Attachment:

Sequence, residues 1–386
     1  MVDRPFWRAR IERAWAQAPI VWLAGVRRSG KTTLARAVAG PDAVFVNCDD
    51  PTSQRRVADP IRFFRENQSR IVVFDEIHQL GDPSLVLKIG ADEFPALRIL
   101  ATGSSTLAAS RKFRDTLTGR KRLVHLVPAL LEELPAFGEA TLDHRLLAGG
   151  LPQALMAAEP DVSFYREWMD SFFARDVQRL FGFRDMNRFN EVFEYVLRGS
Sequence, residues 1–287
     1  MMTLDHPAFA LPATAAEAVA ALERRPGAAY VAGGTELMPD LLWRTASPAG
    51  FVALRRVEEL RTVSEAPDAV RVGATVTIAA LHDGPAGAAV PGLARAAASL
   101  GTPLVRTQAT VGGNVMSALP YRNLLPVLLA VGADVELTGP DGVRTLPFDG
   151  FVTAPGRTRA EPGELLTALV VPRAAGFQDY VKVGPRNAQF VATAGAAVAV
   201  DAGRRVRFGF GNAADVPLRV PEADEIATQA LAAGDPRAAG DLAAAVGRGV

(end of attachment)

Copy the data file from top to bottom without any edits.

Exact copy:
Sequence, residues 1–386
     1  MVDRPFWRAR IERAWAQAPI VWLAGVRRSG KTTLARAVAG PDAVFVNCDD
    51  PTSQRRVADP IRFFRENQSR IVVFDEIHQL GDPSLVLKIG ADEFPALRIL
   101  ATGSSTLAAS RKFRDTLTGR KRLVHLVPAL LEELPAFGEA TLDHRLLAGG
   151  LPQALMAAEP DVSFYREWMD SFFARDVQRL FGFRDMNRFN EVFEYVLRGS
Sequence, residues 1–287
     1  MMTLDHPAFA LPATAAEAVA ALERRPGAAY VAGGTELMPD LLWRTASPAG
    51  FVALRRVEEL RTVSEAPDAV RVGATVTIAA LHDGPAGAAV PGLARAAASL
   101  GTPLVRTQAT VGGNVMSALP YRNLLPVLLA VGADVELTGP DGVRTLPFDG
   151  FVTAPGRTRA EPGELLTALV VPRAAGFQDY VKVGPRNAQF VATAGAAVAV
   201  DAGRRVRFGF GNAADVPLRV PEADEIATQA LAAGDPRAAG DLAAAVGRGV